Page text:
The Use of Vyvanse in the Treatment of Binge-Eating Disorder

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In This Article

Vyvanse (lisdexamfetamine dimesylate) is an FDA-approved central nervous stimulant to used to treat ADHD and binge-eating disorder (BED). It is not approved for weight loss, however, for people who have moderate-to-severe BED, treating the binge eating with Vyvanse can lead to weight loss.

What Is Binge-Eating Disorder?

BED is an eating disorder that was added to the Diagnostic and Statistical Manual of Mental Disorders (DSM–5) in 2013. It involves recurring episodes of binge eating without purging and accompanying feelings of remorse afterward. 

Binge eating can lead to weight gain and ultimately obesity. It is defined as eating a significantly larger than normal portion of food in a short period and feeling that you cannot stop or control how much you are eating. 

Episodes of binge eating are characterized by eating much more rapidly than normal, continuing until feeling uncomfortably full, eating large amounts when not feeling physically hungry, eating alone due to the embarrassment of how much you are eating, and feeling disgusted, depressed, or guilty afterward. 

To be diagnosed with BED, a marked level of distress regarding binge eating must be present, binging is not associated with purging or over-exercising to compensate, and the behavior occurs at least once a week for three months.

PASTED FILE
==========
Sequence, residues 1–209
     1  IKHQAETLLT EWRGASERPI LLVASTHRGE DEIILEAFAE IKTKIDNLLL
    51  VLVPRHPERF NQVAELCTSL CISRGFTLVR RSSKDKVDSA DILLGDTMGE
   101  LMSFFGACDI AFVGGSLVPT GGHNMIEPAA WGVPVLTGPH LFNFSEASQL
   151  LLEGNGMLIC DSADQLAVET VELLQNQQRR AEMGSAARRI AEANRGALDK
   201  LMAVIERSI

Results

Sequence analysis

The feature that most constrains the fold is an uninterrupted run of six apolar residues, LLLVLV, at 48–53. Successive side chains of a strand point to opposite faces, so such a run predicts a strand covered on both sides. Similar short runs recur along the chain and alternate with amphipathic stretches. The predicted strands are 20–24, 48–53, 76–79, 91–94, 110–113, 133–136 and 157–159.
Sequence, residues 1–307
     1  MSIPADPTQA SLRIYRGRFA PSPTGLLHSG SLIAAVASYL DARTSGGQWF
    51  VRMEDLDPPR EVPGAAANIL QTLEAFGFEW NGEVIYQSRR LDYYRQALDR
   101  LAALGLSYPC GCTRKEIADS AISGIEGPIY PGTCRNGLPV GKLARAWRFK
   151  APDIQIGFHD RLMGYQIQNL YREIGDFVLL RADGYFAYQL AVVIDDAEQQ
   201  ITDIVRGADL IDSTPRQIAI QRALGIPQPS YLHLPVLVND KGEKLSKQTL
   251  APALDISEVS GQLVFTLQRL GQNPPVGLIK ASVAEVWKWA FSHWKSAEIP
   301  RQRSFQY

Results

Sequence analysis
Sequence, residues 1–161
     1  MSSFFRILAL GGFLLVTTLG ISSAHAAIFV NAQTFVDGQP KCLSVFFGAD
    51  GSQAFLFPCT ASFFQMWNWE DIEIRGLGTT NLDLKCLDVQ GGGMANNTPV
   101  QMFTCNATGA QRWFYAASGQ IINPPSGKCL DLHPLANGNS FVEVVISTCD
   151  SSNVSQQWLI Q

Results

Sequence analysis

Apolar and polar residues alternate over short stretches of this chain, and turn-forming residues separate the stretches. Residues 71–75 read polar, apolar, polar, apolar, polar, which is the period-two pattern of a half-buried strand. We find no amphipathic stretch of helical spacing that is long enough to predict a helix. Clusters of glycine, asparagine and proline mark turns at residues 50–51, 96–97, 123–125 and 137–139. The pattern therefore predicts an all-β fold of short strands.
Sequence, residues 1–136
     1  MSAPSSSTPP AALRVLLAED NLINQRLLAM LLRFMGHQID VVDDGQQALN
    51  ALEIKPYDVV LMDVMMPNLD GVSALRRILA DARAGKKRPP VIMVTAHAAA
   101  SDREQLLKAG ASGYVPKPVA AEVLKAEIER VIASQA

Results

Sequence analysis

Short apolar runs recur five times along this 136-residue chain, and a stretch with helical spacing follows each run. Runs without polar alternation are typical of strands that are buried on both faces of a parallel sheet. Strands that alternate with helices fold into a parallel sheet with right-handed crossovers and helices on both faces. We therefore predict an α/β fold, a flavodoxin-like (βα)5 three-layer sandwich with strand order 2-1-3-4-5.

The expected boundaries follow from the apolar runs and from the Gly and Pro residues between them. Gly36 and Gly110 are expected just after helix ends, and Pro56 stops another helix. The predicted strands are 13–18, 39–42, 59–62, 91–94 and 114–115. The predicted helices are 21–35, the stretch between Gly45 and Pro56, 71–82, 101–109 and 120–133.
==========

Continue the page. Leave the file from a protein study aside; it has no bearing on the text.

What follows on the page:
Vyvanse for Binge-Eating Disorder

Individual or group therapy, including cognitive-behavioral therapy (CBT), interpersonal psychotherapy, and dialectical behavior therapy (DBT), are recommended for treatment of BED. In addition, the U.S. Food & Drug Administration approved Vyvanse as the first drug to treat BED in 2010.

In preclinical trials of patients with moderate to severe BED, Vyvanse was shown to reduce the frequency of binge eating days from an average of four or more days per week to one day, and also help to prevent relapse.


When starting Vyvanse, your doctor will likely begin at a lower dose and increase it gradually until you get the maximum benefit. The standard initial dose is 30 mg taken every morning, increasing by 20 mg a week for a maximum dose of 70 mg a day. 

Vyvanse is a controlled substance, which means it is more regulated than some other prescription drugs. In most states, you will need to see your doctor each month to obtain a new prescription, and refill requests cannot be made over the phone.

Precautions and Side Effects

Vyvanse, a central nervous system stimulant, comes with some risks. It is in a class of drugs known as amphetamines, which have a high potential for abuse and dependence and are linked to serious cardiovascular reactions, including sudden death, stroke, and heart attacks. People with a known hypersensitivity to amphetamine products should not take Vyvanse.

Common side effects of Vyvanse include: 

  • Dry mouth
  • Insomnia
  • Decreased appetite
  • Increased heart rate
  • Constipation 
  • Feeling jittery
  •  Anxiety

A Word From Verywell

If you think you may have binge-eating disorder, the first step to treatment should be seeing a medical or behavioral health specialist. Once diagnosed, your health care provider can tell you if Vyvanse can help you to lose weight by managing your binge eating episodes.

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